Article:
Considerable technical challenges
Another problem preventing the widespread adoption of solar-integrated building materials is technical challenges. To withstand handling during construction and daily use, the integrated windows or panels must be robust and weatherproof.
The design and manufacturing procedures must become more sophisticated to meet these requirements while keeping their ability to generate energy. Furthermore, it cannot be easy to incorporate solar panels into older buildings that weren’t designed with solar integration in mind. Such constructions may need extensive structural and electrical system changes to retrofit solar panels and batteries. Such additional work would increase the cost and complexity of the project.
Standard solar panels for homes, businesses and solar farms are already highly efficient. The solar industry is growing and offers many opportunities for conventional installations. The benefit of adding solar to glass and building panelling over rooftops solar is just not that economical right now. As such, the retrofitting of BIPV will unlikely gain penetration in the market for some time.
It’s a bit like a catch-22, the technology is expensive as it is only produced in small numbers, and it is only implemented in small numbers because it is expensive.
There are advances on the way for BIPV
Despite these obstacles, the development of Building Integrated Photovoltaic materials has advanced. The effectiveness, robustness, and attractiveness of solar panels created expressly for integration into building surfaces are the subject of numerous worldwide research initiatives.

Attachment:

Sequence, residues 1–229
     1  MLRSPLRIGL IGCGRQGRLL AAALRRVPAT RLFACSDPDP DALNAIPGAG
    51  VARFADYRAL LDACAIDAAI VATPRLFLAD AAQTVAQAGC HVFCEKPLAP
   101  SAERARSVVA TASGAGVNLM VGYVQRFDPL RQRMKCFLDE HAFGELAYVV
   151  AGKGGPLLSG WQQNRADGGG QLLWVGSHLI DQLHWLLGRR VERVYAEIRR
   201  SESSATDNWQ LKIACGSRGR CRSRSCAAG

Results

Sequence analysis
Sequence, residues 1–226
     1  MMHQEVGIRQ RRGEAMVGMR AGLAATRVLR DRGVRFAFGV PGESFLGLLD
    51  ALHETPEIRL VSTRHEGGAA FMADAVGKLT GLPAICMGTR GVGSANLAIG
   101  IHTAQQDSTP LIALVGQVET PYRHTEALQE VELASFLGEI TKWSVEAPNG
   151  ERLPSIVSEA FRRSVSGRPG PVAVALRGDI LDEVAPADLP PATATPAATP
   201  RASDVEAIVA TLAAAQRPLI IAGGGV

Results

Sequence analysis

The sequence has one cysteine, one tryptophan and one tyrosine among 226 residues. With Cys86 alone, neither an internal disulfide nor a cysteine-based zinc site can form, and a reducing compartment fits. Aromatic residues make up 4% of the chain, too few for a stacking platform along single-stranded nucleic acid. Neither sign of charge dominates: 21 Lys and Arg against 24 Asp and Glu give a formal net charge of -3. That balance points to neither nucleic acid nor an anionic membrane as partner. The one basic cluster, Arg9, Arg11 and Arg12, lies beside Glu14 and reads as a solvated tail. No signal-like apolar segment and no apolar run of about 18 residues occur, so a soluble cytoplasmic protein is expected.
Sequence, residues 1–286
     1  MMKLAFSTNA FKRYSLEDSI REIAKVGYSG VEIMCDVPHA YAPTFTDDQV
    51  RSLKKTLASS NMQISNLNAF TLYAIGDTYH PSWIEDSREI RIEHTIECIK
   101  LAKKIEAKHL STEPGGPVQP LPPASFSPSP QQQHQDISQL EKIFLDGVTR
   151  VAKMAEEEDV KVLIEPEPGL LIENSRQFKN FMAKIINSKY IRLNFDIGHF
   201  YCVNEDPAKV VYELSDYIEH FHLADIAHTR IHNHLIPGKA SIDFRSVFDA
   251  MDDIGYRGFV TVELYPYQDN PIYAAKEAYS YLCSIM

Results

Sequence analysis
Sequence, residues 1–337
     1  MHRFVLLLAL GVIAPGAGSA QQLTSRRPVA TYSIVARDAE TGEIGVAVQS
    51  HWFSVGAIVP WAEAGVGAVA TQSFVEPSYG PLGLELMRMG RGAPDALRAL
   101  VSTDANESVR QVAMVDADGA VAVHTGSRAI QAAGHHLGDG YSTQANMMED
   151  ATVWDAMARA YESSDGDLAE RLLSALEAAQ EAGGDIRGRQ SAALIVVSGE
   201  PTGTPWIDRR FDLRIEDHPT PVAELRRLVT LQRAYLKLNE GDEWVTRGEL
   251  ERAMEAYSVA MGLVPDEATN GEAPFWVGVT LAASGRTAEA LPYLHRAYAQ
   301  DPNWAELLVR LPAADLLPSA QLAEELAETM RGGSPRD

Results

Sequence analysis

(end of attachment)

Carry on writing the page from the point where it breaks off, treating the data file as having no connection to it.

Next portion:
New solutions like transparent solar cells or PV windows are being developed to address energy generation and aesthetics.
Additionally, solar integration is becoming more economical because of the falling price of solar technology and cells. Increased efficiencies and ongoing improvements in PV manufacturing techniques also help.
The obstacles to overcome for Building Integrated Photovoltaic
Obstacles, including cost, efficiency, aesthetics, technical difficulties, and policy considerations, have prevented the widespread implementation of solar-integrated windows, solar-generating house walls, and skyscrapers; the future might see this change.
Ongoing research and development initiatives are tackling these issues. We anticipate a rise in the use of solar-integrated buildings as technology improves. Future cost reductions and supportive policies are also in the pipeline. This will help create a more sustainable and energy-efficient future.
The price of solar-integrated building materials is anticipated to reduce further as the demand for renewable energy rises and economies of scale take effect. So in 20 or 30 years, new buildings will most likely have to have building integrated solar as part of the infrastructure. BIPV could be as common as a lift or a balcony, and the new generation of energy users will wonder why we did not do it on a large scale earlier.